NATP has been monitoring the pandemic’s impact on teacher shortages with the expectation that those shortages will also negative impact our fast-approaching test cycles. Spring testing is peak testing season for most states nationwide and for many, that means all hands on deck. Test coordinators often draw from any available staff in order to ensure that all specific student accommodations are met. Accommodations often include small/individual test administrations and oral test administrations, all which require additional staff. Staff that may not be available come test time if these shortages persist. This is an impact being felt across the entire educational system.
Here is the latest from a recent NBC news report:
- As Omicron cases surge nationwide, U.S. schools are feeling the impact with teachers calling out sick and not enough substitutes to fill in.
- Pre-existing teacher shortages are now amplified.
- Teachers’ job is more difficult today than is realized; they are exhausted.
- Superintendents are also extremely stressed by controversial and pandemic related decisions such as school re-openings.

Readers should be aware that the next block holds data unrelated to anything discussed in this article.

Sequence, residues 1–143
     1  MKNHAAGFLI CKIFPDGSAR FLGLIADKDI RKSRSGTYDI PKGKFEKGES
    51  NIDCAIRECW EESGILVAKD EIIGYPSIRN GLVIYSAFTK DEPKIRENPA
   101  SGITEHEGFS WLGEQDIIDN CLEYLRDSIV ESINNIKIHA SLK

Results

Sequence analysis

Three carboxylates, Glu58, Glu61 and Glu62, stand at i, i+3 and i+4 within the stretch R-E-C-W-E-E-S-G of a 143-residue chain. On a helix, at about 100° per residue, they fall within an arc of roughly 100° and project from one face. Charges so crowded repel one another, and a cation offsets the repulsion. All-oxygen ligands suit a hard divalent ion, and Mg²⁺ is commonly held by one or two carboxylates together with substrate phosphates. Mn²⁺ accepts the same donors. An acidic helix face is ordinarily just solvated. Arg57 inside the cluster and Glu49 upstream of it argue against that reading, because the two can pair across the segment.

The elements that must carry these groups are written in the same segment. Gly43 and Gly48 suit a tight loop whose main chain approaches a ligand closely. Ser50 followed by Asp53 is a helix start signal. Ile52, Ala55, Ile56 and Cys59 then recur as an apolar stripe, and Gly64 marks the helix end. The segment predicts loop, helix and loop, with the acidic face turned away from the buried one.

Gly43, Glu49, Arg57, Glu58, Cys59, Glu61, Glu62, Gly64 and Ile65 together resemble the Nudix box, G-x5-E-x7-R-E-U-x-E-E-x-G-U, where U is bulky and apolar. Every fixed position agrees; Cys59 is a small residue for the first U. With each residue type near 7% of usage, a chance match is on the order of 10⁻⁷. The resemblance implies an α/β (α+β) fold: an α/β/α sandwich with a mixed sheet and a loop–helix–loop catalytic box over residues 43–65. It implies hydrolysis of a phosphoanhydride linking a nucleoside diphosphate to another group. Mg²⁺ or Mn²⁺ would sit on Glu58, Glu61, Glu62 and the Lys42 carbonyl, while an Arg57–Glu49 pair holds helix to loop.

- Superintendents and central office staff are pitching in by teaching classrooms where there are shortages.
- Community volunteers are also filling in as substitutes.
- This trend is likely to continue until we achieve high levels of vaccinations.
- The teacher shortage is expected to negatively impact students’ experiences because:
- They are being instructed by a transient teacher
- They are unable to develop teacher relationships
- No consistency
- Normal seat in their classroom
- Teachers want
- Safety protections
- More personal protective equipment (PPE)
- More masks
- More worker support
Watch news report HERE